Concerning Thule our historical information is still more uncertain, on account of its outside position; for Thule, of all the countries that are named, is set farthest north. But that the things which Pytheas has told about Thule, as well as the other places in that part of the world, have indeed been fabricated by him, we have clear evidence from the districts that are known to us, for in most cases he has falsified them, as I have already said before, and hence he is obviously more false concerning the districts which have been placed outside the inhabited world. And yet, if judged by the science of the celestial phenomena and by mathematical theory, he might possibly seem to have made adequate use of the facts as regards the people who live close to the frozen zone, when he says that, of the animals and domesticated fruits, there is an utter dearth of some and scarcity of the others, and that the people live on millet and other herbs, and on fruits and roots; and where there are grain and honey, the people get their beverage also, from them. As for the grain, he says,--since they have no pure sunshine--they pound it out in large storehouses, after first gathering in the ears thither; for the threshing floors become useless because of this lack of sunshine and because of the rains.

...the parallel circle that runs through Thule (which Pytheas says is a six days' sail north of Britain, and is near the frozen sea)...

For not only has the man who tells about Thule, Pytheas, been found, upon scrutiny, to be an arch-falsifier, but the men who have been to Britain and lerne do not mention Thule.... However, any man who has told such great falsehoods about the known regions would hardly, I imagine, be able to tell the truth about places that are not known to anybody.
Now Pytheas of Massilia tells us that Thule, the most northerly of the Britannic Islands, is farthest north, and that there the circle of the summer tropic is the same as the Arctic Circle. ... But in my opinion the northern limit of the inhabited world is much farther to the south than where the summer tropic becomes the Arctic Circle. ... But Pytheas, who misleads people everywhere else, is, I think, wholly in error here too.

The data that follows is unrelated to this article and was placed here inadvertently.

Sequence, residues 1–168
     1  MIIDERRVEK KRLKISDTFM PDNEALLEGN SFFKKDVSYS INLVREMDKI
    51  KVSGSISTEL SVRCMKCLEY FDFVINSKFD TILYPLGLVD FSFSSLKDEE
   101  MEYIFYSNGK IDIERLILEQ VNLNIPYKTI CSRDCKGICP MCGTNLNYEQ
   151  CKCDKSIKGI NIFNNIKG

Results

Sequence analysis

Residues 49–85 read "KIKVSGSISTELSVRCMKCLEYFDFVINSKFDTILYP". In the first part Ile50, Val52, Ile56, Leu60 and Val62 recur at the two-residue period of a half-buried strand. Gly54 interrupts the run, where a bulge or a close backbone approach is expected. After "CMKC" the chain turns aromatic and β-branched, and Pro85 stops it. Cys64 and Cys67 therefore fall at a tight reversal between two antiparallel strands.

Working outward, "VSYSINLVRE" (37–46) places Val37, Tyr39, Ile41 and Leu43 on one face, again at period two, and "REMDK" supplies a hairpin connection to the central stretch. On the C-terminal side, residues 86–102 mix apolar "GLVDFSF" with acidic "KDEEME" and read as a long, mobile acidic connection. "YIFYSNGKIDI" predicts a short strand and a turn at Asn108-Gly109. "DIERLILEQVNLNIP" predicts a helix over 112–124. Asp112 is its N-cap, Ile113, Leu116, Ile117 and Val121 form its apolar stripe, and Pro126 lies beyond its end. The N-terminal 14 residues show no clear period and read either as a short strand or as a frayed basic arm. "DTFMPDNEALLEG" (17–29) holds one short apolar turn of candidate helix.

Strabo later makes one last reference about Pytheas leading men astray.
So here a synthesis of what Strabo (who, as we can see, considered Pytheas' voyage false) asserted:
Pytheas claimed to have traversed Britain, for the coastline of which he gave the precise measurement of 40,000 [I]stadia.
In Thule was to be found a strange condition, neither land nor sea nor air, but some sort of substance mixing these elements, resembling the sea-lungs [normally the name of a type of jelly-fish], which it was not possible to cross either on foot or by ship.
He saw this particular condition himself; the rest of his account is hearsay.
After returningf rom 'these regions' he traversedt he coastline of Europe from Gades to the Tanais (today known as the river Don).
Pytheas has provided unspecified false information about other regions that are known to science--a charge never amplified.
Pytheas does, however, have a competent knowledge of astronomy and mathematics.
There are some people who live 'close to the frozen zone' who are lacking many types of animal and plant, and who live on millet and herbs, as well as root-crops. They do have grain and honey, and, it would seem, some kind of fermented liquor, but the climate
precludes open threshing areas. There is much rain and no sunshine.
Thule is six days' sail north of Britain, and is near the frozen sea.
Thule is the most northerly of the British Isles, and is on the Arctic Circle.
Strabo does not specifically say whether he has read Pytheas at first or second hand, but he does say that Polybius has branded him a liar, and that Eratosthenes did not know whether to believe his account or not.
Now then, Strabo derives his account from 2 sources, both of which are mostly lost:

Polybius was a Greek Stoic writer and soldier of the 2nd century BC. He mostly discredited the veracity of Pytheas' voyage on the grounds that he was a poor man and could not have funded such an expedition.
Eratosthenes was a Greek mathematician and poet of the 3rd century BC. He apparently believed the veracity of Pytheas' voyage, although he was not sure on how reliable his account was.
The other main source for Pytheas' voyage is Pliny the Elder, writing about Britain:

...the light nights in summer substantiate what theory compels us to believe, that, as on summer days the sun approached nearer to the top of
the world, owing to a natural circuit of light the underlying parts of the earth have continuous days for 6 months at a time, and continuous nights when the sun has withdrawn in the opposite direction towards winter. Pytheas of Marseilles writes that this occurs in the island of Thule, 6 days' voyage north from Britain...

Pytheas of Marseilles states that north of Britain the tides rise 80 cubits [37 metres].